We enjoyed swinging:

We took a trip to Abingdon where Grandpa Beard was ill, and we went to the Ashmolean. This was not wonderfully received by the kids. They loved the Pitt Rivers, but somehow, they couldn't find a way into the carefully captioned, educationally thought out displays at the Ashmolean. We had some interest in the money section, but Ancient Egypt left them entirely non-plussed. Everyone enjoys shove ha'panny though:

Then we continued the tradition of a little something to keep us going during the bus ride home. It made more sense in the heat of July, but was still very much enjoyed.

We spent a happy afternoon with friends in Hagg Wood customising an existing tree house. Ian and I chased Martha the dog while the children prepared their materials, hammered in random screws (yes, that's what they did) with herrings (well, something entirely unsuited to the task), and made endless pulley systems.

And at last we made the Christmas gingerbread house. It started badly by me insisting on using melted sugar glue, spilling it on my finger and having to hold it under the tap for 5 minutes, and then burning the sugar. But this was all rectified with a short lesson in what happens when you twizzle molten sugar into tubs of cold water, and then chemical reactions 101 by adding bicarb. The house itself stood for about 5 minutes (it was already without chimney when these photos were taken), and then collapsed. Lesson learnt - don't use ready-made icing (ever), to glue together gingerbread.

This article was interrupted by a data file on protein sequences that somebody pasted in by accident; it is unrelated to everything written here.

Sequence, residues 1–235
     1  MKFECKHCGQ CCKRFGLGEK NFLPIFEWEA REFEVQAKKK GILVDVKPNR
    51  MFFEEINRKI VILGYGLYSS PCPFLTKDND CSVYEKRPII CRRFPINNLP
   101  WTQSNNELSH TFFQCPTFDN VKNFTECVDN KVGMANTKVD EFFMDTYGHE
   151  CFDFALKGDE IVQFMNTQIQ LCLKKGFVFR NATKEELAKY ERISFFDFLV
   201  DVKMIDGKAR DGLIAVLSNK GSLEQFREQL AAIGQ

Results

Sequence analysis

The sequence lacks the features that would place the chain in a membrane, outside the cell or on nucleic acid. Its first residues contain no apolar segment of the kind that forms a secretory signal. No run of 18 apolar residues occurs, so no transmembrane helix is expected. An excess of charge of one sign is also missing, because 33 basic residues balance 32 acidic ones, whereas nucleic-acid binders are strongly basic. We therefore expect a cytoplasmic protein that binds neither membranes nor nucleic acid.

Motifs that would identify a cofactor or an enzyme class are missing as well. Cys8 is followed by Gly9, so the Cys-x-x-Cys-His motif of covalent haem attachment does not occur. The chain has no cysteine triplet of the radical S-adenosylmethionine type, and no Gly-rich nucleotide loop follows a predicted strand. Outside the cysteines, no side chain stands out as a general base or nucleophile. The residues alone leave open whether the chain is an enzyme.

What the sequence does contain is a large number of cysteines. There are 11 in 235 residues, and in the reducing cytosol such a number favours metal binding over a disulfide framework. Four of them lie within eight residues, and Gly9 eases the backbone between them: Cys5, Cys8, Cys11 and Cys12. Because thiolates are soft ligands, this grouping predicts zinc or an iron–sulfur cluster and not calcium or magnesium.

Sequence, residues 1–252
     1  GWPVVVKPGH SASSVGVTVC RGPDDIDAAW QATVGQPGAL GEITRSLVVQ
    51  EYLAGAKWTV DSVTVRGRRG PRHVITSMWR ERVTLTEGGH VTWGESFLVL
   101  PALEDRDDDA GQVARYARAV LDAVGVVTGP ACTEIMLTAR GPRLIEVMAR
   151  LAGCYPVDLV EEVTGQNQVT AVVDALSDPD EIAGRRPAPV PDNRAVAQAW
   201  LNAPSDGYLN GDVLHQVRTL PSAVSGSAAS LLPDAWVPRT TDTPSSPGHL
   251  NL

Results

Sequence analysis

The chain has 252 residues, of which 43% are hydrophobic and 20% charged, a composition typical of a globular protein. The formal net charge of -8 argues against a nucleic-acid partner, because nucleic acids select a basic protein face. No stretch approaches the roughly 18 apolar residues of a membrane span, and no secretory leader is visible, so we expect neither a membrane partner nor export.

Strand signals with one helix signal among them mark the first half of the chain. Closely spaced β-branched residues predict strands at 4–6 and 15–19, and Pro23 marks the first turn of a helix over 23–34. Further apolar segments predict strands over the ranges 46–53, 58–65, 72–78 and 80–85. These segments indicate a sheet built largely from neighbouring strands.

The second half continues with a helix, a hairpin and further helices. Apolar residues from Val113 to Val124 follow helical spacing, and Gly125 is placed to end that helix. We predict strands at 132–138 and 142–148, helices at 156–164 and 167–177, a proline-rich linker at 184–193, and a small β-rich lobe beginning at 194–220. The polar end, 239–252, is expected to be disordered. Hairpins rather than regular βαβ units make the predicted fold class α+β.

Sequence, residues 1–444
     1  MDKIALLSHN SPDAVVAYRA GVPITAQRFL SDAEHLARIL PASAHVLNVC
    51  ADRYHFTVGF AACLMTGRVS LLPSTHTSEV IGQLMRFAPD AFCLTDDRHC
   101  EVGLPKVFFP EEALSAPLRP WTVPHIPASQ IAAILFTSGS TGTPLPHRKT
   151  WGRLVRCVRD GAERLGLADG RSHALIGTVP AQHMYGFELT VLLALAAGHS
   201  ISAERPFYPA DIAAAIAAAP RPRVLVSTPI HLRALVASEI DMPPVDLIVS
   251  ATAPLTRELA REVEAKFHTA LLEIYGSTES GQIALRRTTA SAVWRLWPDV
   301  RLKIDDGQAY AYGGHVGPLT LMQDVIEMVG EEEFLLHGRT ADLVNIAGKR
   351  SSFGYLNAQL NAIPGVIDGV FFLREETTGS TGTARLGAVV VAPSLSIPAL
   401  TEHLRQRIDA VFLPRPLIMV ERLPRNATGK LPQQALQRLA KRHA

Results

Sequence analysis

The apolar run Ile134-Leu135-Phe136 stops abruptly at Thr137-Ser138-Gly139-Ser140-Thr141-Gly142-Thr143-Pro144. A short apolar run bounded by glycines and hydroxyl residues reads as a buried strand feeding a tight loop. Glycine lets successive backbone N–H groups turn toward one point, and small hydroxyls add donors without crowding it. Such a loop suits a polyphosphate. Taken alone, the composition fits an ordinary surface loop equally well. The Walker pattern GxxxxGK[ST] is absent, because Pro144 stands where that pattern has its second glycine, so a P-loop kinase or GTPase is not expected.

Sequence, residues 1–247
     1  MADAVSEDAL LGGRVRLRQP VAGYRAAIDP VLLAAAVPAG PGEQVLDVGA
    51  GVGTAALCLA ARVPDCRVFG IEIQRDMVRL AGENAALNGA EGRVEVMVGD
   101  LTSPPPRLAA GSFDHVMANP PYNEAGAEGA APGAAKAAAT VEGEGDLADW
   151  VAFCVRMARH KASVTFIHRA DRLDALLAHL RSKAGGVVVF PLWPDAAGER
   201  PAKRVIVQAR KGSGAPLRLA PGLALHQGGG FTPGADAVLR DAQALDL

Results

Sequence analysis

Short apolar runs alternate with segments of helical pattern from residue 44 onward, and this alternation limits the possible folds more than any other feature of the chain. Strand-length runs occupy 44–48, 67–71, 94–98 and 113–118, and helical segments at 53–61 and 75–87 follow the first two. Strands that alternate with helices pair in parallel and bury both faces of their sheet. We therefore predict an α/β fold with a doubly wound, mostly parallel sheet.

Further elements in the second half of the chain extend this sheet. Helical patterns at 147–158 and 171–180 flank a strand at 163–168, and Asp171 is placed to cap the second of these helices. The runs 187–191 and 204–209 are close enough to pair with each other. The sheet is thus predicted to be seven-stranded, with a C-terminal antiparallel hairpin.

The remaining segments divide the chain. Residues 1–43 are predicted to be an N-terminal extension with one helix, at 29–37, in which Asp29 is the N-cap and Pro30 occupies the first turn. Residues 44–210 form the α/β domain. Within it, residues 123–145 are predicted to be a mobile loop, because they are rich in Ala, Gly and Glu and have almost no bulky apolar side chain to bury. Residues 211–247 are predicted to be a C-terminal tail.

And there was lots of un-photogenic playing. Lots of building random bird houses (?), you know, for bird and birdy. Lots of lego. And a surprising amount of both kids lying on the floor, picking fluff from between their toes, listening to music (they are on their annual Four Seasons kick) and chatting. Yep, they are 4 and 7 and they were just chatting. Wierd. But nice.

And I'm pretty sure Nathaniel spent less than 10% of the time out of his pyjamas. Very good.

Monday, 1 February 2016

Just stuff

January has continued, and now it's February and we are mainly bored of it being dark the whole time. The Dutsons came to stay and we had a lovely time seeing them, but failed to take any photos at all! F and Thea have been busy - making slime:

and making their own wipe-clean silly faces

Thea is very in to making paper snowflakes. If you leave her alone for five minutes, she will have taken herself into a corner with paper and scissors and surrounded herself with a light floor covering of tiny pieces of cut paper. And of course, made a beautiful snowflake. But it's the many tiny, tiny pieces of paper that seem to make the most impact on our household!

Nathaniel has discovered coding. Last night he made a race for two arrows entirely unaided by me. You can play it here:

Here are the instructions:
Pres flag, pres space and riet-aroa and keep presing riet-R.
And for those of you who don't speak government-mandated phonics, the translation is:
Press the flag, press the space bar and the right arrow. Keep pressing the right arrow.

Think that just about covers us for now!